Geese have keen eyesight and will be drawn to a realistic-looking decoy spread from hundreds of yards away. Realism is key. It’s better to hunt with a small spread that looks real than with a giant spread that looks like junk in a field. Decoying in geese is a real art that takes a lifetime to master. But there are some ground rules. In any spread you want realistic motion. You want to avoid unnatural glare off your decoys. You want the spread to be visible from a good distance, so the geese have enough space to work. You also want to give them space to land.
If learning to decoy geese is an art, then calling geese is like learning an instrument. It takes practice and field experience to become proficient. The best way to learn is to hunt with a good caller and mimic what they do. Practicing before the season is key, too. Below is a solid video on calling geese for beginners. (And here are more tips on calling geese and ducks).
Goose Hunting Gear
Some experienced hunters haul a double-axle trailer full of goose decoys and gear. Others get by with a bag full of silhouette decoys, a call, and a shotgun. The point is that you can go minimalist or gear intensive and be successful either way. It all depends on your approach. Here’s some starter gear to consider:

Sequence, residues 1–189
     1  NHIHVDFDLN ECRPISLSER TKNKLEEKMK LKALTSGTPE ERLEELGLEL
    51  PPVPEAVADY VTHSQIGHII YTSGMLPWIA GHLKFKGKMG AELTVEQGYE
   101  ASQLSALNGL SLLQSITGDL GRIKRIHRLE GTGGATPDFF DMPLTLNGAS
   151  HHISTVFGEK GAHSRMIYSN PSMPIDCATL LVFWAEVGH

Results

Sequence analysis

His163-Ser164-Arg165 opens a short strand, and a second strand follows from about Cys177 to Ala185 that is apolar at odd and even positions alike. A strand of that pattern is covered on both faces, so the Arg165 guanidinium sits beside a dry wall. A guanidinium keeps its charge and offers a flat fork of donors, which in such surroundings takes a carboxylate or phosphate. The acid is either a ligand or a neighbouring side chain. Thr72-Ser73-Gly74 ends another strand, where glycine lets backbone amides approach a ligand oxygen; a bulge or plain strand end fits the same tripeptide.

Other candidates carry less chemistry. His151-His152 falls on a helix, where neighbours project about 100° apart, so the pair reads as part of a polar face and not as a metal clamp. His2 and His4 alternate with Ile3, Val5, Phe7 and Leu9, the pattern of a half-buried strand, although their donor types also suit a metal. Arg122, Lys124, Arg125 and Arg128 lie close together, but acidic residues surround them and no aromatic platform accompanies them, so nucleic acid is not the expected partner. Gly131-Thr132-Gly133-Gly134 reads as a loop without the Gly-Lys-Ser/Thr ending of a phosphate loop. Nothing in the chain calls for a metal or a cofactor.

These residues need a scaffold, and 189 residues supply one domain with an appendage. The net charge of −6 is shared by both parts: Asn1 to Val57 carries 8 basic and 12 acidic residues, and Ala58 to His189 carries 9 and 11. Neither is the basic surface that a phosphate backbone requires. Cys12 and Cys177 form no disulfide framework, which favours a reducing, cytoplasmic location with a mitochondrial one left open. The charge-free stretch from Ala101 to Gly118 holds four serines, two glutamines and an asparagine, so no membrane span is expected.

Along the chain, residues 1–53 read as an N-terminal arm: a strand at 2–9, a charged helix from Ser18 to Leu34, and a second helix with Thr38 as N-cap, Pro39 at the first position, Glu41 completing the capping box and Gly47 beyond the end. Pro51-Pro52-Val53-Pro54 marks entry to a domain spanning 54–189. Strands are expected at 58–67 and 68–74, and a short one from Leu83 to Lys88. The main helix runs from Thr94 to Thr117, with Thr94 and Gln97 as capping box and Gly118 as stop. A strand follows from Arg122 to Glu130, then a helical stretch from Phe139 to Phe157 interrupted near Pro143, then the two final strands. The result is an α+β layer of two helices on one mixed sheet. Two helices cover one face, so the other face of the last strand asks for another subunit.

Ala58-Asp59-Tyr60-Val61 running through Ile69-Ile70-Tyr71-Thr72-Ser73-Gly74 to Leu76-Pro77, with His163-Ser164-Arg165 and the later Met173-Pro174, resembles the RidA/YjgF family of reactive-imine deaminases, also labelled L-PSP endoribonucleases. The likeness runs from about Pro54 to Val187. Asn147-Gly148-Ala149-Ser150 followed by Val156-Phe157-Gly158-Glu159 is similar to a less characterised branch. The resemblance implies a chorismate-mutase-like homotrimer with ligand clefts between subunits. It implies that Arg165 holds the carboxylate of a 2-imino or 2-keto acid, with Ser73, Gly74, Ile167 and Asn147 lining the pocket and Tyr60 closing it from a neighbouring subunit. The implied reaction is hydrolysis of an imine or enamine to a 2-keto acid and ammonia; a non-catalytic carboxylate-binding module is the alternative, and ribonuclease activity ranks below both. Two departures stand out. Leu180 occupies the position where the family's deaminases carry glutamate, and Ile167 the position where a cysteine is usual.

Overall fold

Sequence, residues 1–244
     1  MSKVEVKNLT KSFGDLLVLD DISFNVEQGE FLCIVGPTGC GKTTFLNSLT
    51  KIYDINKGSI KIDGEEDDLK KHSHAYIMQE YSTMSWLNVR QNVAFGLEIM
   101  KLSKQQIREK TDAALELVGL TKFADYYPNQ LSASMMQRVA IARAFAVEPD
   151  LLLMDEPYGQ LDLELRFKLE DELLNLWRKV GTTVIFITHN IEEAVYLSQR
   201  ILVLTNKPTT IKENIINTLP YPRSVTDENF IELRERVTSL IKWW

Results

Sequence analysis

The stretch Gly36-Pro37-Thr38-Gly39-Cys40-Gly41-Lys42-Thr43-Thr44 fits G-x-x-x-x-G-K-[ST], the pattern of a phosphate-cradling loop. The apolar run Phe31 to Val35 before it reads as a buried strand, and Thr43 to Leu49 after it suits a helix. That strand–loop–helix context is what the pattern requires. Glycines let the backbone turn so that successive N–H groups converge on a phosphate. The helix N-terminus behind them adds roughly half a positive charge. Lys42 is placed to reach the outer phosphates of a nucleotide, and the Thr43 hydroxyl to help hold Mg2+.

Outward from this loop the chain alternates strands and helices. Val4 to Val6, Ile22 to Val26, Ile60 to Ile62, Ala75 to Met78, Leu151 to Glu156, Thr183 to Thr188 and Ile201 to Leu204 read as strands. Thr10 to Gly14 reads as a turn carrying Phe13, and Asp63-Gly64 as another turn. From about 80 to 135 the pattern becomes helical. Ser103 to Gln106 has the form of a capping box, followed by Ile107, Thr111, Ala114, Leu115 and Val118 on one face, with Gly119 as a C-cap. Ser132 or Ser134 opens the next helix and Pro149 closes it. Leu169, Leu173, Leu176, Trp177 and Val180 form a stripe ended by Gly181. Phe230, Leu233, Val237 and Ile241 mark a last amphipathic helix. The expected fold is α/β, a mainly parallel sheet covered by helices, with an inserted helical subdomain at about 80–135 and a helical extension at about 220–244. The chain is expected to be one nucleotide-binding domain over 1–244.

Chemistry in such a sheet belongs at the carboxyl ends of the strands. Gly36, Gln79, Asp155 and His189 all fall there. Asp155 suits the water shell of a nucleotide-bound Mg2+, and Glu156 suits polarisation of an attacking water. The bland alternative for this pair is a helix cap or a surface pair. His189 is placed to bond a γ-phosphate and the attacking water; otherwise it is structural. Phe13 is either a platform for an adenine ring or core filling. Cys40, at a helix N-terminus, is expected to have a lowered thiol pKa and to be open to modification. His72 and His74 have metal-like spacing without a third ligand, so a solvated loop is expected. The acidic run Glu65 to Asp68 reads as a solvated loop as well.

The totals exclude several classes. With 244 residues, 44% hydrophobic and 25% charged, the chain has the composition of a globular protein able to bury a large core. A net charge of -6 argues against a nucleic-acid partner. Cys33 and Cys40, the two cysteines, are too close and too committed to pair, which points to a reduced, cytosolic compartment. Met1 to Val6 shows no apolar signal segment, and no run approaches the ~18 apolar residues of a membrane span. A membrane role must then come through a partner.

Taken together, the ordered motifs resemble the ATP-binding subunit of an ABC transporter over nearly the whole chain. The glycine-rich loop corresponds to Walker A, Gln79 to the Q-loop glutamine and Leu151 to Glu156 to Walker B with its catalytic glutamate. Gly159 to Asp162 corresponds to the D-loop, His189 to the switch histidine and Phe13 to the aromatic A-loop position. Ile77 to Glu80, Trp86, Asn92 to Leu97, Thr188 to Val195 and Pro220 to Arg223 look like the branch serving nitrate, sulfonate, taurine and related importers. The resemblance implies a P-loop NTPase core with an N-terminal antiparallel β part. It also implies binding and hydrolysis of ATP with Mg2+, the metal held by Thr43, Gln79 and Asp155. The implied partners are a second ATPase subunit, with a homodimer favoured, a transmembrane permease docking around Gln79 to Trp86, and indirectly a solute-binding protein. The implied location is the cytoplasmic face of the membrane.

Hunting Geese in Fields
All waterfowl hunters should have the experience of a good field hunt. When it works out properly, geese come in low and hot, cruising down into the decoys before someone yells “take’em!” and all hell breaks loose. Here are some key tips for hunting geese in fields.
Calling Field Geese
Most modern hunters use short-reed calls with broke-in gut systems. They are easier to blow and more versatile than any other style call, which is why they have become popular. But just because you can blow a short-reed well doesn’t mean you will kill geese. You have to be able to read birds and know when they want to be called to and when to stay quiet.
- Call easy early. During the early August and September resident goose seasons, be careful to not show off your entire calling repertoire. Local birds are used to flying the same routes each morning, so if you have done your scouting and are on the X, call as little as possible to get them to commit. Plus, juvenile birds—geese hatched in the spring—can’t fly very well. They will want to fly from the roost to the feed on a string if they can. And no amount of calling is likely to pull them off that route. “Remember a lot of early geese are young and don’t fly far or well,” says Jordan Keil, a goose guide in Hutchinson, Minnesota. “I like to make it easy on them and me. Just set up a small spread of decoys on a straight line from the roost and let them come. I hardly call at all. Why show them any of my tricks if I don’t have to?”